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The current issue and full text archive of this journal is available at www.emeraldinsight.com/1463-5771.htm Benchmarking a leadership model for the green economy Daryl D. Green Department of Energy, Oak Ridge, Tennessee, USA, and A leadership model for the green economy 445 Jack McCann Lincoln Memorial University, Harrogate, Tennessee, USA Abstract Purpose – The purpose of this paper is to examine benchmarking leadership theories in order to build a new leadership model for the green economy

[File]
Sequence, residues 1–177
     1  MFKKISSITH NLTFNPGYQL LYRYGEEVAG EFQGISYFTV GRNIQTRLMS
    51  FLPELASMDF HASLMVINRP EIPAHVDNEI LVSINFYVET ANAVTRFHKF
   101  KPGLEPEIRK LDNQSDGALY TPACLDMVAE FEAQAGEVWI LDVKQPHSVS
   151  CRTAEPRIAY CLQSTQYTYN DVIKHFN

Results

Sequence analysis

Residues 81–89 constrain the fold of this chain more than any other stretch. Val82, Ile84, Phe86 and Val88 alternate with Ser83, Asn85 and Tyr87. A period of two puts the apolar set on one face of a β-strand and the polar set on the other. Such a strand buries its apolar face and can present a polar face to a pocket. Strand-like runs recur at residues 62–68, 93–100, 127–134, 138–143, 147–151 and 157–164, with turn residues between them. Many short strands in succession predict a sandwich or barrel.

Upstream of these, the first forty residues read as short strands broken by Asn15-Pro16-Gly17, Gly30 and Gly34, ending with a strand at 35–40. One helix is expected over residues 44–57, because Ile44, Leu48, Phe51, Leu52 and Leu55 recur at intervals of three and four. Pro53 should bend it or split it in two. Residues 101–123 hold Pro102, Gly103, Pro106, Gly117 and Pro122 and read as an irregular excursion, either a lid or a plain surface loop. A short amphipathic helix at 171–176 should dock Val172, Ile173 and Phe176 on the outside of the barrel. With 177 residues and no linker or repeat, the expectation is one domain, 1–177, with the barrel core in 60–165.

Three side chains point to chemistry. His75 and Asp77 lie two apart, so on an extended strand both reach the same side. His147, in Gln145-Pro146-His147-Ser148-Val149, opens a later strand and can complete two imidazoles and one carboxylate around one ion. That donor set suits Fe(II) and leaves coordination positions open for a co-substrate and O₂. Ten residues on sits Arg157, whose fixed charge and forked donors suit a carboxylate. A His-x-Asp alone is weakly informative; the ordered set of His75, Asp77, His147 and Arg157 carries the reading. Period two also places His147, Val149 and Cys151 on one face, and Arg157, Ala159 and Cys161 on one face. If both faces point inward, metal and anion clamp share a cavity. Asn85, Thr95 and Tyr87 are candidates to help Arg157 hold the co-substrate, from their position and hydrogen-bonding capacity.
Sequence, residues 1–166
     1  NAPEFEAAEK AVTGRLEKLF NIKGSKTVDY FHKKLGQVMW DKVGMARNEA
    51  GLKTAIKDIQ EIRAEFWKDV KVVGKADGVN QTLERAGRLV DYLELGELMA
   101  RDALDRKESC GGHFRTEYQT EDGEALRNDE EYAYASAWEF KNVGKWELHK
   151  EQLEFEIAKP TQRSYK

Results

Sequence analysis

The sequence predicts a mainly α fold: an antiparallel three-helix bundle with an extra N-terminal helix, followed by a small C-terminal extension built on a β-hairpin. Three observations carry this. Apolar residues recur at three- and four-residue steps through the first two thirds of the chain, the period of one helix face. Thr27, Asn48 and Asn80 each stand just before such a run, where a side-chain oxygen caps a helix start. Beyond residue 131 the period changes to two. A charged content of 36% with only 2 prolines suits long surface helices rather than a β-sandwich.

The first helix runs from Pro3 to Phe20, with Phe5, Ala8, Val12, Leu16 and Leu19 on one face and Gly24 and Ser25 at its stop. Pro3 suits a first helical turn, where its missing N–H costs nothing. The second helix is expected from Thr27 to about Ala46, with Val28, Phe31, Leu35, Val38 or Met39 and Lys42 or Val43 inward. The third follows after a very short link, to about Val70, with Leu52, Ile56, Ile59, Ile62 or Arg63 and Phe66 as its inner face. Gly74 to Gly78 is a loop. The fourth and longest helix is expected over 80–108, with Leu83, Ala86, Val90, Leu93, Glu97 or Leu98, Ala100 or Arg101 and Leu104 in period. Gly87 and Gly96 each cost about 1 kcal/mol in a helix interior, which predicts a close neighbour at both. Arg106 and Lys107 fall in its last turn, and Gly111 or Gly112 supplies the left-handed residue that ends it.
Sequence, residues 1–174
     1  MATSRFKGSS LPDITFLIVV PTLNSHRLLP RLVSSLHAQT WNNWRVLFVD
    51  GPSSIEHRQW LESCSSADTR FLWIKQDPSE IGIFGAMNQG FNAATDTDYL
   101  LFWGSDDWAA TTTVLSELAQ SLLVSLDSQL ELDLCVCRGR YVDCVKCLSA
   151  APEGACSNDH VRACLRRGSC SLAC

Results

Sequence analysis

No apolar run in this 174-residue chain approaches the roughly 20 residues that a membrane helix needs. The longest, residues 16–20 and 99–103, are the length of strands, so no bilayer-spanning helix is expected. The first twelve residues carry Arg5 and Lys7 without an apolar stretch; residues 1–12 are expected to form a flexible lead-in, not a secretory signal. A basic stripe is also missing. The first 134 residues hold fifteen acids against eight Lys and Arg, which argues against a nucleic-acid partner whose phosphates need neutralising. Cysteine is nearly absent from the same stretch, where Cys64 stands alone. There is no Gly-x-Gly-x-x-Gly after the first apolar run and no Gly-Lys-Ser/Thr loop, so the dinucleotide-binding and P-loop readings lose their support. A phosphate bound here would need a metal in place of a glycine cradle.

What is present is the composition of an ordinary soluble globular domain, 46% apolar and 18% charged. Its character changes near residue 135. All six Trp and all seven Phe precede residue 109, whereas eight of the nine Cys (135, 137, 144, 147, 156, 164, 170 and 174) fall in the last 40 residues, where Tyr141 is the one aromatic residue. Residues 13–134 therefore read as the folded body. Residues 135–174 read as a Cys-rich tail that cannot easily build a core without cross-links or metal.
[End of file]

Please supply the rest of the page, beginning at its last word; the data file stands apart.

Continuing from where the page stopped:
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  Benchmarking a leadershipmodel for the green economy Daryl D. Green  Department of Energy, Oak Ridge, Tennessee, USA, and   Jack McCann  Lincoln Memorial University, Harrogate, Tennessee, USA Abstract Purpose – The purpose of this paper is to examine benchmarking leadership theories in order tobuild a new leadership model for the green economy. Design/methodology/approach – The collection and critical analysis of secondary data fromrelevant publications were used to evaluate the feasibility of a new leadership model in the greeneconomy. Analysis of organizational and leadership theories has been utilized in order to benchmarkfuture successful efforts. Findings – The paper found five key issues: there is little research in how the green economy willimpact contemporary organizations’ strategy, structure, and culture; new theories may need to bedeveloped to assist organizations in developing the right kind of leadership for the green economy; thecreation of green jobs may infuse organizations with more emphasis on values and leadershipcompetency; the over dependence on technology to create jobs and sustain society’s quality of lifecarries unintended consequences; and agrarian leadership may offer organizations a better ability tolead workers in the green economy. Research limitations/implications – The paper examines benchmarking applications that areexclusively relevant in both private and public organizations. Practical implications – There are several implications for researchers and practitioners related toimproving the personal and organizational success of leaders guiding their followers in a greeneconomy.Manycountries hopethatthegreen economywillbeabletoimprovetheirfinancial situation.Yet, organizations are struggling with the issues of ethical behavior by managers and how to motivatetheir employees toward greater performance. A new leadership based on agrarian values may be apositive step in addressing these matters. Originality/value – The paper is significant because it presents a theoretical framework forinterpretinghowagrarianvaluescanworkbuildingthequalityoflifewhenappliedinagreeneconomy. Keywords Social values, Benchmarking, Leadership, Organizational performance, Ecosystems Paper type Conceptual paper 1. Introduction Americans’ lives continue to unravel as individuals see their way of life disintegratebefore their eyes. Institutions are failing. Ethics and moral conduct continue to decline.Wall Street continues to prosper as “Main Street” bears the financial hardship for ourcountry. No one can escape the carnage from the recent global financial meltdown.Everyone has been impacted – from the executive to the factory worker. According toTheConferenceBoard(2010)ResearchGroup,only45percentofAmericansaresatisfiedwiththeirwork.Inordertobemorecompetitive,organizationsneedtoretoolandinspireworkers to new levels of performance. The current issue and full text archive of this journal is available at www.emeraldinsight.com/1463-5771.htm The authors want to express their gratitude to the reviewers. Without their thoughtful analysisand insight, this paper would not have been possible. A leadershipmodel for thegreen economy 445 Benchmarking: An International JournalVol. 18 No. 3, 2011pp. 445-465 q Emerald Group Publishing Limited1463-5771DOI 10.1108/14635771111137804  With the emergence of the green economy, society has the opportunity for financialgrowth and moral revival. According to the Pew Charitable Trusts’ 2009 study, passageof a federal clean energy and climate bill would create a significant amount of jobsexponentially by spearheading new green technology innovations. In fact, the cleanenergy jobsin the USA have grownat more thantwicethe rateof the overall job marketover the past decade (Ringo, 2010). Like the Industrial Revolution’s mark on society, it ishoped that the green economy will bring positive values to society such as innovation,family values, and strong work ethics. The new economy will be fueled by moreenvironmentally friendly and socially conscious leaders. In fact, good leadershipexemplifies positive virtues. Hackman and Johnson (2000) further suggestedthat exemplary leaders provide a model for their followers by seeing these virtues intheir leader. Concerned leaders treat their followers as though they possess intelligenceandcreativity.Cultivatingeffectiveleadershipdevelopmentduringaneraofrapidchangeseverelychallengescurrentorganizationsastheyconsidersuccessionplanningforfuturemanagers. McCall and Hollenbeck (2002) maintained that experience is the primaryvehicle for developing global leaders. However, globalization and the advancement of technologies provide a new set of problems for leadership and organizational theorists.The key elements of remodeling today’s are leadership, values, and culture (Figure 1).Benchmarking the concept of agrarian leadership will bring justification for muchneeded improvements. Benchmarking can be a catalyst for assisting organizations tobecomemorefocusedandcompetitivethusimprovingthenationaleconomy.Inordertoimplement meaningful changes, executives, legislators, educators, and environmentaladvocacy groups must take a leading role in this reform. Yet, organizations need toimplementthe rightkindofstrategies. GambleandThompson (2009) maintainedthat acompany’s business strategy strengthens its long-term competitive position. However,managersmustbewillingtoadapttheirstrategiesinresponsetounplannedoccurrencesin the market or their customers. This paper examines benchmarking leadershiptheories in order to build a new leadership model for the green economy. Through thisprocess, three key areas will be reviewed: leadership, ethics, and values. 2. Research objectives and methodology The primary objectives of this paper are to explore benchmark applications associatedwithleadingorganizationsduringagreeneconomyandincreasedepthofknowledgeinthisfieldinordertomakearelevantanalysisofeachtheory.Thisinvestigationprovidesexploratory data by utilizing an extensive literary review of over 20 documentsincluding scholarly opinions and practitioner discussions. The collection and critical Figure 1. The key elements fortransforming leadershipin the green economy LeadershipValuesCultureGreeneconomy BIJ18,3 446  analysis of secondary data from relevant publications were used to evaluate the resultsof agrarian leadership in a green economy. Analysis of organizational theory has beenutilized in order to benchmark future successful efforts. The contributions made bywell-known researchers in the fields of leadership theories, such Bass and Yukl, wereinvestigated. Electronic databases such as ABI/INFORM Global, were searched usingkey words “agrarians,” “leadership,” “green economy,” “values,” “benchmarking,”and “organizational theories.” There was a significant absence of literature related toagrarian leadership with benchmarking applications in scholarly research.Consequently, there is an opportunity to further enhance research.Benchmarking studies are a well-known commodity in private industry. Elmuti et al. (1997) noted there are four types of benchmarking: internal, competitive, functional,and generic. Although the four types of benchmarking are widely accepted in education,therearemanydefinitions.Thedefinitionsareusuallyrelatedtokeythemes:measurement,comparison,identificationofbestpractices,implementation,andimprovement(AnandandKodali,2008).Infact,benchmarkingisanactivitythatlooksoutwardtofindbestpracticesand high-performance solutions and then measures actual business operations againstthosegoals(KumarandDhakar,2006).Rigby(2009)furtherdescribed benchmarking asatool that improves performance by identifying and applying best-demonstrated practicestooperationsandsales.Managerscomparetheperformanceoftheirproductsorprocessesexternally with those of their competitors and those best-in-class companies. In addition,benchmarkingisperformedinternallywithoperationswithintheirownorganizationsthatperform similar activities. The objective of benchmarking is to improve performance,understandrelativecostposition,andgainastrategicadvantage.Companiesthenimprovetheir performance by tailoring and incorporating these best practices into their ownoperations not simply by imitating best practices, but by innovating.Camp (1995) determined four main areas for finding best practices in benchmarking.These areas were internal benchmarking (department to department, leader to leader,location to location); competitor benchmarking, functional benchmarking (yourorganization to an external one, your leader to an external leader); generic benchmarking(comparing our leaders or organizations to all industry groups). Benchmarking worksfrom a premise that a leader or organization somewhere is currently performing in aworld-class or best-in-class manner.Benchmarking is often used as a performance tool by managers and organizationsand is sustainable in its popularity (Francis and Holloway, 2007). Managers typicallyuse it as a tool to serve the interests of employers and shareholders to impact thefinancialbottomline.ThevalueofbenchmarkingwasassessedbyCoopersandLybrand(1994); they found that 75 percent of large organizations viewed benchmarking assuccessful because they set good targets, improved productivity, provided innovativeideas, gave early warning of competitive challenges, and motivated staff. Rigby andBilodeau(2009)foundintheirglobalresearchthatbenchmarkingisthenumberonetoolthat managers use and is effective. This survey had a database of nearly 10,000respondents. For inclusion in this research, the tools needed to be relevant to seniormanagement, topical, and measurable. 3. Literature review of benchmarking effective leadership Leadership and organizational behavior theories provide researchers an opportunity tounderstand leader-follower relationships in a green economy. With the continual A leadershipmodel for thegreen economy 447  disruptive changes in societies, leadership theories may needto beretooled to deal withnew emerging organizational issues. According to Drucker (2001), effective leadersdiffer widely in personalities, strengths, weaknesses, values, and beliefs, however,all have in common; the ability to get the right things done at the right time. Therefore,benchmarking leadership is a very difficult task. Blake and Mouton (1985) stated thatstructure, plan, and concept are elemental to an organization’s effectiveness. However,the greatest single variable is that leaders must accomplish objectives through theability to guide, motivate, and integrate the efforts of others through their actions asleaders. Benchmarking leadership is about determining what traits, behaviors, andactions make leaders successful. Kouzes and Posner (2007, p. xvi) stated: The most significant contribution leaders make is not simply to today’s bottom line; it is tothe long-term development of people and institutions so they can adapt, change, prosper, andgrow. The benchmarking of best practices in leadership and management is critical insharing and building knowledge in a global economy. Traditional leadership focus Contemporary leadership theories have a clear focus. According to Sayles (1979),the traditional emphasis on what good managers should achieve was based on:effectiveness in planning ahead, delegation, coordinating, staffing, organization, andmaking their organization profitable. A good manager therefore makes good decisionsabout plans and delegations that produce the desired results. Managers described theirwork as fragmented and unfinished. They also described it as action oriented, withcontact with others required, and the development of relationships with others asrequisite. Even more importantly, management was found to be a contingent activity.Asroutinesbreakdown,themanagermustadjustandadaptwithlimitedresources,suchastimeandinformation.Managementroleswereoftenfoundtobedifficultandcomplex. Contemporary leadership focus Sarros and Santora (2001) concluded from their exploration of today’s businessexecutives is that leadership success in today’s global workplace requires leadersto inspire others to achieve through their hard work, commitment to people, andcommitment to the organization. Leadership is about taking people in the desireddirection and to lead by example. Leadership success is only as good as the “what”(leadership behaviors) and “why” (personal values) of how you lead. Therefore,leadershipcomesdowntotrust,respect,honesty, andintegrity. Togainthesustainablerespectandauthoritytoleadovertime,itisessentialthatleaderspracticeormodelwhattheleaderespouses.Inadditiontothefivepracticesofexemplaryleadership,KouzesandPosner (2007) presented a list of these practices along with their accompanyingcommitments. This information is recreated in Table I.Furthermore, Kouzes and Posner (2007, p. 29) stated that these five practices paintonly a partial picture. They found that across countries, cultures, ethnic groups,organizations, genders, education levels, and age groups the majority of people believethat the leader must have the following traits: . honest; . forward looking; BIJ18,3 448